Monday night, shortly before the General Assembly, a distraught stranger took the stage and began speaking to the crowd about his experiences, apparently just hours earlier, in foreclosure proceedings that took his family home. At first, I think, he seemed angry at us all–and you may be able to hear me say in the recording below “how is this our fault?” or something like that. I realized a short time later that he was simply cutting loose the burden of experiencing such a devastating loss alone. Apparently, this man–and I still don’t know his name–had believed the media narrative that paints Occupy Oakland as an absurd and/or violent clique of spoiled rich kids from Atherton who’ve never experienced hardship of any kind.
I’ve met others at OO who are homeless because their house was foreclosed, and there are others who are homeless for the often-ignored–in the context of the 99% meme–fact that city rents are high and the end result of not paying on time are the same as having one’s home foreclosed. The reality is that the camp is filled with people who have been where the speaker was, some recently, some more than once.
As he speaks, you can hear people calling out to him in support, offering to help defend his home with occupation, and asking him to speak to the General Assembly about his experience. One of those people had just had his bag stolen, which he said contained his computer and pretty much entire life, by some of nefarious predators that have been stalking the camp for the last weeks.That kind of crime was endemic to the downtown area before Occupy Oakland got there; police were never very interested in preventing this kind of violence here or elsewhere. This is the kind of solidarity produced at Occupy Oakland.
The city and attendant media can spread all the lies they like about Occupy Oakland, but the truth is that it gives voice to the voiceless. Who knows what this man would have done if he hadn’t come upon the GA? There are thousands of people experiencing exactly this kind of real “violence” from authorities in Oakland, which are eager to enforce the law when the target is a disempowered poverty-stricken person who can’t afford their artificially inflated debt, but take a walk when its the corporate con-men who’ve run America’s cities and states into bankruptcy.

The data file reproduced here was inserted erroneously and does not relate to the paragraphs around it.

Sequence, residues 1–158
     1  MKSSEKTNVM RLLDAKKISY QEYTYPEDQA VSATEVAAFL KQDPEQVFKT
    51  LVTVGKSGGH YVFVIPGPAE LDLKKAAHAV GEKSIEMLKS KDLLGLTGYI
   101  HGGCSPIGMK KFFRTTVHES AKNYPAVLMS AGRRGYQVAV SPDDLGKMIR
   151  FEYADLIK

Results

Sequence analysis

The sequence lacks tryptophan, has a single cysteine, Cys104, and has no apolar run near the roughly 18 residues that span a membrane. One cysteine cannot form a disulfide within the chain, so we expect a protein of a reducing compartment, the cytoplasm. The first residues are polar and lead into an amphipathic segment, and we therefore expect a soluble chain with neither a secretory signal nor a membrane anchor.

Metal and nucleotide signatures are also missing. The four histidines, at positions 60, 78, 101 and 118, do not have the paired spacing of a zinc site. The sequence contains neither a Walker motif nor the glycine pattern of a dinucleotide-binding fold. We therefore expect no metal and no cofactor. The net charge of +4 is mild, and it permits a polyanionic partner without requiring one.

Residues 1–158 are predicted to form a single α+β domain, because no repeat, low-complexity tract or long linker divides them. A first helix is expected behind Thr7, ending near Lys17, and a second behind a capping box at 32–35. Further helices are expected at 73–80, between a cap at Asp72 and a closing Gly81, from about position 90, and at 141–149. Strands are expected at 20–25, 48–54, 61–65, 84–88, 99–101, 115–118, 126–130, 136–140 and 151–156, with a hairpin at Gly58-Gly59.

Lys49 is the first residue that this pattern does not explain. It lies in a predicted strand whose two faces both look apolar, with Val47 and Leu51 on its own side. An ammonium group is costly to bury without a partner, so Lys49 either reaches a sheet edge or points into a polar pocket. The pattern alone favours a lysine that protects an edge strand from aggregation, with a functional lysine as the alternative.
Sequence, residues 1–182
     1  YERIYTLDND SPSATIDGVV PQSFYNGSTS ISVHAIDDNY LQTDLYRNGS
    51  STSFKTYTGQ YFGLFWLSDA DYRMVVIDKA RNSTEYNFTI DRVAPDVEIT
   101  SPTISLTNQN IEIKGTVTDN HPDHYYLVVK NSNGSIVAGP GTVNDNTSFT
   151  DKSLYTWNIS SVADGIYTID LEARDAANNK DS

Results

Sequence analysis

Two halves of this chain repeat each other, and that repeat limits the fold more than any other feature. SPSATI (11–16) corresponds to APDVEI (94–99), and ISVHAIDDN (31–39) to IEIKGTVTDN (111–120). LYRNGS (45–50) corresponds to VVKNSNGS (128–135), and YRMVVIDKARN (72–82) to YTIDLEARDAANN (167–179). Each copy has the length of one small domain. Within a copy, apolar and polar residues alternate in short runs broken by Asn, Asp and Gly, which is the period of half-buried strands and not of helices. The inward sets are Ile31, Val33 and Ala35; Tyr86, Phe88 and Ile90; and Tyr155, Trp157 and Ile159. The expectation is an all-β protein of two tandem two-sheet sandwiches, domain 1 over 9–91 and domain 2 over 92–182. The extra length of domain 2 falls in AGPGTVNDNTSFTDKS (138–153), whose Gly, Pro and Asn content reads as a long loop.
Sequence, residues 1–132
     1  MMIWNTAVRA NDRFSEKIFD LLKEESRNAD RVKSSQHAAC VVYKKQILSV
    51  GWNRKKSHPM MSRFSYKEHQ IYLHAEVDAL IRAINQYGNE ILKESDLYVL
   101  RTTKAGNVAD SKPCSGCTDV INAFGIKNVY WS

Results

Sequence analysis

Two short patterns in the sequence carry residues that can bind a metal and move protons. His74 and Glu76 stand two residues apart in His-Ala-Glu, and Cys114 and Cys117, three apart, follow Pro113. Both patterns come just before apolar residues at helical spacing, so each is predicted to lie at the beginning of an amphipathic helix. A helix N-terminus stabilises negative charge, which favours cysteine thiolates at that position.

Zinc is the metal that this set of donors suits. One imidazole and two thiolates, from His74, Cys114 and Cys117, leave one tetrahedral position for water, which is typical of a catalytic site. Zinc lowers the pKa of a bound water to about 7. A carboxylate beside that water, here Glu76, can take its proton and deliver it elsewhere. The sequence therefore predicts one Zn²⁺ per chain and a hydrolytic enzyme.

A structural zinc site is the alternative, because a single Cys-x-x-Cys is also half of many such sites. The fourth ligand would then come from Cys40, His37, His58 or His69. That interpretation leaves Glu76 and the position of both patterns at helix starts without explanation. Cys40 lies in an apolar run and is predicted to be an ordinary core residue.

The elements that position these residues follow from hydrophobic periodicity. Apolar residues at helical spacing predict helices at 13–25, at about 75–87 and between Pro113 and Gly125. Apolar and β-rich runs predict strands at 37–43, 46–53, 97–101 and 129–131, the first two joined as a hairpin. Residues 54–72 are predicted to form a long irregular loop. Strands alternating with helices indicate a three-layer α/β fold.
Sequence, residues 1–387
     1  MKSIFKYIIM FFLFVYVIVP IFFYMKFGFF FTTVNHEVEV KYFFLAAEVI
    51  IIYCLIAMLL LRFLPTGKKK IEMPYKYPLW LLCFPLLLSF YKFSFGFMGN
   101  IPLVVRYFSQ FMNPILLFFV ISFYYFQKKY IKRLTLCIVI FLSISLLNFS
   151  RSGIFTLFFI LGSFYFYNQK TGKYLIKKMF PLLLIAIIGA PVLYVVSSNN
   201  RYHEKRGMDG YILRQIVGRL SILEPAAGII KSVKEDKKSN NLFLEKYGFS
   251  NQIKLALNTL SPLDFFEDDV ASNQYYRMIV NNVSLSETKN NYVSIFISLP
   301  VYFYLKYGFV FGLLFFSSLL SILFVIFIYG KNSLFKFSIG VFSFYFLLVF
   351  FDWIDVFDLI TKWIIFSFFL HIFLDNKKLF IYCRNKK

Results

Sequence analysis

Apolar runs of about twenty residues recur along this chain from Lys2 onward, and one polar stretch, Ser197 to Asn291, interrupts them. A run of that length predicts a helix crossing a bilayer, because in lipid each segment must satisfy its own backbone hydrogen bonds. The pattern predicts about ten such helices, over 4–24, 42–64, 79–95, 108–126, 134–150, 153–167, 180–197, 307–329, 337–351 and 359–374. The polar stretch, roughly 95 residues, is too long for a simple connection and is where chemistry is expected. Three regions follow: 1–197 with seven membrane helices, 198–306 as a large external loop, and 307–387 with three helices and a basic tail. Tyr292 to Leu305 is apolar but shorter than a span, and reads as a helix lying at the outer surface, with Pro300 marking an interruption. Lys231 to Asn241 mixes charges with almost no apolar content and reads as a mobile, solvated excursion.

Once it was common practice to tell people like the impromptu GA speaker to go somewhere else and suffer in silence while they contemplated homelessness and destitution. But no longer.
I wasn’t able to attend most of the GA that night, but I did see him in line to speak. If anyone has the story of how that went, please leave it here in the comments section.
I managed to make an audio recording of some of what he said Monday night. Here’s the link to the audio page, which has an embedded player [also if anyone knows how to embed the player in WordPress, I’m all ears]:
This writing I’ve been doing is part of a larger project with the goal of documenting the history of this unique and unprecedented movement. If you’d like to support this project feel free to visit and contribute to my kickstarter campaign